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Research Coordinator Corner

Preparing for the NSF CAREER: Tips and Resources from Your Research Coordinators

By Maggie Hutchins, College of Education, and Jessica Schneider, College of Liberal Arts


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As you prepare—or begin to consider—a proposal to the NSF CAREER program, remember that the research-support team here at Texas State is invested in seeing you succeed. Our Strategic Plan for Research places particular emphasis on the NSF CAREER, as this prestigious award contributes to our goals for National Research University Fund status. As your research coordinators, we’re here to help you navigate proposal development and submission in collaboration with the Office of Research and Sponsored Programs (ORSP). To get started, we’ve compiled a list of reminders and resources to help you think about the CAREER.

First, make sure you’re eligible. To apply for an NSF CAREER award, you must 1) hold a doctoral degree in an NSF–supported field, 2) conduct research in an NSF supported-area, and 3) hold a tenure-track appointment as an assistant professor. You must meet these criteria at the time of the deadline. To clarify, if you are due to receive tenure in the fall but meet these criteria during the summer CAREER deadline, you are eligible. 

Make sure you have an innovative, transformative idea that will advance your career as both researcher and educator. You want to align your research plan with an educational plan that involves students and advances the missions of your department. To ensure you’re ready to address the research and educational goals of the CAREER program, it’s important to discuss your plans with your chair, your mentors, and your program officer.  

As you prepare to discuss your plans, carefully review the NSF CAREER solicitation. Read it, mark it up, and read it again. Once you’re familiar with the solicitation, identify your NSF directorate. Consider the directorate your “home” at NSF, the unit that supports your area of research and that, ideally, will fund your project. After identifying a directorate, review the CAREER directorate contacts to identify your program officer—and prepare to email them.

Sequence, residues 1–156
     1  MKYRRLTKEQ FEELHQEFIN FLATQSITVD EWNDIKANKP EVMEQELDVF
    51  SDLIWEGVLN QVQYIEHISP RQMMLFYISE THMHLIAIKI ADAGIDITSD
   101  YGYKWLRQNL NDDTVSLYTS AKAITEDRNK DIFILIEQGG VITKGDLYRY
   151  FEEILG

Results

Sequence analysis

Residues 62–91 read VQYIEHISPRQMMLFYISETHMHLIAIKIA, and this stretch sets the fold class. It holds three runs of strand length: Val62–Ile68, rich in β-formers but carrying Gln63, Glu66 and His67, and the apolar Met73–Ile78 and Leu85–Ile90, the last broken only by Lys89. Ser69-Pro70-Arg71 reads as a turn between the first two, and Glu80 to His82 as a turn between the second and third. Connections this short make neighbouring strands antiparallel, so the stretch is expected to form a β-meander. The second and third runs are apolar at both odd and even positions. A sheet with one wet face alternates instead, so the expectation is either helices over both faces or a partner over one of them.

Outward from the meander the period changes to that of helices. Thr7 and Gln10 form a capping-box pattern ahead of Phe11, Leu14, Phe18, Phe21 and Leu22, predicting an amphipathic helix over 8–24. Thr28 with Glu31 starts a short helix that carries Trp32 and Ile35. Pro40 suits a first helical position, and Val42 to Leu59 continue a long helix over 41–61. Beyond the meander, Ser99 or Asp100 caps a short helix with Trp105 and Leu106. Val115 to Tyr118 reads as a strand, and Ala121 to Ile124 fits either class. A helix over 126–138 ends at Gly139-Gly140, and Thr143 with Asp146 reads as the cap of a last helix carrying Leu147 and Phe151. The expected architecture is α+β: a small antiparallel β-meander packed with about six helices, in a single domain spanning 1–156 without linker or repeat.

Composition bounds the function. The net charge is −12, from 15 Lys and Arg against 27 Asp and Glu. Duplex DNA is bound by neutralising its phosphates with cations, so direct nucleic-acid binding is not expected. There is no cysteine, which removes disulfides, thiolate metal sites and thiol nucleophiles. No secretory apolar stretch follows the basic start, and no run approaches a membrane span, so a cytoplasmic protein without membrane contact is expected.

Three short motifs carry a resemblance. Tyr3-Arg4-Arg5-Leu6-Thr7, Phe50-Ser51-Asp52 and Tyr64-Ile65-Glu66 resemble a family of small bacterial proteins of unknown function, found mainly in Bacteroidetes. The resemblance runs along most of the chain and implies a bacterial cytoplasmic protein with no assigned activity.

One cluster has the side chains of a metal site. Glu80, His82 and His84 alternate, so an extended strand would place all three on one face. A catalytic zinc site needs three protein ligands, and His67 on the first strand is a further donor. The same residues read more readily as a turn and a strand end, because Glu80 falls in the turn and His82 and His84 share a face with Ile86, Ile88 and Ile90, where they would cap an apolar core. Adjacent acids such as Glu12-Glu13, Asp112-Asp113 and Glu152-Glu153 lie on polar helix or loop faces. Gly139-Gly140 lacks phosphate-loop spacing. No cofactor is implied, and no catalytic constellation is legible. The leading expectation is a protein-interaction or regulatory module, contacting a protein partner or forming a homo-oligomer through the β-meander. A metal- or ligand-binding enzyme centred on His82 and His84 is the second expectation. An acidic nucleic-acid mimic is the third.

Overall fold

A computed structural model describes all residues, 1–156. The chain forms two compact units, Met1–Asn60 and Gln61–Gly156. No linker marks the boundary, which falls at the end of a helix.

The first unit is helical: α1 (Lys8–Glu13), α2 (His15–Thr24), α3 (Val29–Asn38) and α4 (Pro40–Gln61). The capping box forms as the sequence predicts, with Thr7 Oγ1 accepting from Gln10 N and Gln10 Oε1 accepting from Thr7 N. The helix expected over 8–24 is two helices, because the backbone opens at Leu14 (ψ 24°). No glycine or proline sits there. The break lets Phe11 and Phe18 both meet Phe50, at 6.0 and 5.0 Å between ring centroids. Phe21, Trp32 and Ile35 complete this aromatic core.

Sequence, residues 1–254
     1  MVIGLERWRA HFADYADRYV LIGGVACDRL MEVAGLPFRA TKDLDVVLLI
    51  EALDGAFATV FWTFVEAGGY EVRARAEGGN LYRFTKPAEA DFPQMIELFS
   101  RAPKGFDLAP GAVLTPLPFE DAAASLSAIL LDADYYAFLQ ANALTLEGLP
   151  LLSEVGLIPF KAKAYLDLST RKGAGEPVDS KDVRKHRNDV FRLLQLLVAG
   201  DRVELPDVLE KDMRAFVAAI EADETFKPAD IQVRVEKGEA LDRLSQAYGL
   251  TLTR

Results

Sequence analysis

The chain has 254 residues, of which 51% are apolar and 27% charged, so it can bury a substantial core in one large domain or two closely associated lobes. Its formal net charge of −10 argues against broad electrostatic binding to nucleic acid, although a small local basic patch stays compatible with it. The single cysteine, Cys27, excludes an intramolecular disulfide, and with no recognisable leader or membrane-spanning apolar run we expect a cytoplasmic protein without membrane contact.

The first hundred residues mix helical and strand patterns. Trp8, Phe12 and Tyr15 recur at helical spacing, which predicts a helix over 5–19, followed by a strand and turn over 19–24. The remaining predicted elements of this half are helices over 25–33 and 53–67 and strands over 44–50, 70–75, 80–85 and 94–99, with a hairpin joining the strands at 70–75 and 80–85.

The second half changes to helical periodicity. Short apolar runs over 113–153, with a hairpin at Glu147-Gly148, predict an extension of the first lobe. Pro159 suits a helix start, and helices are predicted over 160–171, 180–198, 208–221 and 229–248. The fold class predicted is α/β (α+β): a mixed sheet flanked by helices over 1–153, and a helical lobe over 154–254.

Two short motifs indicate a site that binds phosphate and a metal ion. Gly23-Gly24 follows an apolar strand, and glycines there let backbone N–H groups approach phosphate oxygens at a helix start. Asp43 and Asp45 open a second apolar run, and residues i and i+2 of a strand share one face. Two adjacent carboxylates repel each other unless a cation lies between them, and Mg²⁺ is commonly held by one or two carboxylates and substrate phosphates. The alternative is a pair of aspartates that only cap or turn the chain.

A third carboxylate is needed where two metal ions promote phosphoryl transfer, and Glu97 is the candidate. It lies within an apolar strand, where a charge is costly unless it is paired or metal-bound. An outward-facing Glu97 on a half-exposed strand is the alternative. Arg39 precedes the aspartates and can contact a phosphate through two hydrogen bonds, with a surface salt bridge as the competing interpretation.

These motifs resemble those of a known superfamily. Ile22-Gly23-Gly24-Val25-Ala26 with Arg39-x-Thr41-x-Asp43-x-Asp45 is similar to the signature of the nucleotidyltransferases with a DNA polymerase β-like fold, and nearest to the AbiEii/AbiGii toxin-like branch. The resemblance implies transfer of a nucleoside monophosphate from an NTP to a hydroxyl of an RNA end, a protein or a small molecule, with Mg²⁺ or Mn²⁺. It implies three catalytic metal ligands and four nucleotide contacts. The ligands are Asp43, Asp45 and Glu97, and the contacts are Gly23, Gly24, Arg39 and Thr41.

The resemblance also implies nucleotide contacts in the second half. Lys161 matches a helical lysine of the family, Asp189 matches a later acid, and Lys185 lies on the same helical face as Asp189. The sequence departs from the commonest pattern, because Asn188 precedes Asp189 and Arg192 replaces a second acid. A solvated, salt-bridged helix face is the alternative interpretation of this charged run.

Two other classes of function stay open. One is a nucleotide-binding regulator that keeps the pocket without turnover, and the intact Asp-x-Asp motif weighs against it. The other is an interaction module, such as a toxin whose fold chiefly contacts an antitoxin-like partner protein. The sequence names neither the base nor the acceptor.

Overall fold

When you email the program officer, share a one-page project summary that includes an overview of your project as well as its intellectual merit and broader impacts. This one pager will help the program officer determine whether your research is appropriate for that directorate. Do not skip this step! The program officer is your most valuable resource at NSF. Email them early in your planning process to ensure your proposal is being submitted to the directorate that is most likely to fund it.

While it is essential to read the solicitation carefully, you may also want to watch the NSF CAREER webinar from May 2021, which provides an overview of the CAREER program, its mission and goals, key solicitation requirements, and strategies for successful applicants. Also check out recent CAREER awards and browse the NSF CAREER FAQs, where you’ll find over five years of frequently asked questions and answers regarding eligibility, proposal preparation, budgeting, submission, and award administration. Finally, take some time to review the NSF Proposal & Award Policies & Procedures Guide (PAPPG). You’ll need to familiarize yourself with both the PAPPG and the CAREER solicitation to develop your proposal.

Take advantage of support here at Texas State as well. Because the CAREER is an institutional priority, Strategic Research Initiatives (SRI) in ORSP offers one-on-one consulting opportunities for faculty who demonstrate a strong potential for success. These opportunities are competitive and involve financial investment from both your college and ORSP. SRI runs the competition through the online InfoReady Review portal, so you’ll want to keep an eye out for announcements in early February and check the portal often.

And last but not least, involve your research coordinators and ORSP pre-award coordinators early on so we can help you stay on track. The earlier you let us know about your CAREER plans, the more resources you’ll have available at both the college and university levels to help make your proposal as competitive as possible. Above all, remember that we’re all here—research coordinators, associate deans for research, ORSP—to help you navigate this process and do what we can to ensure your success.


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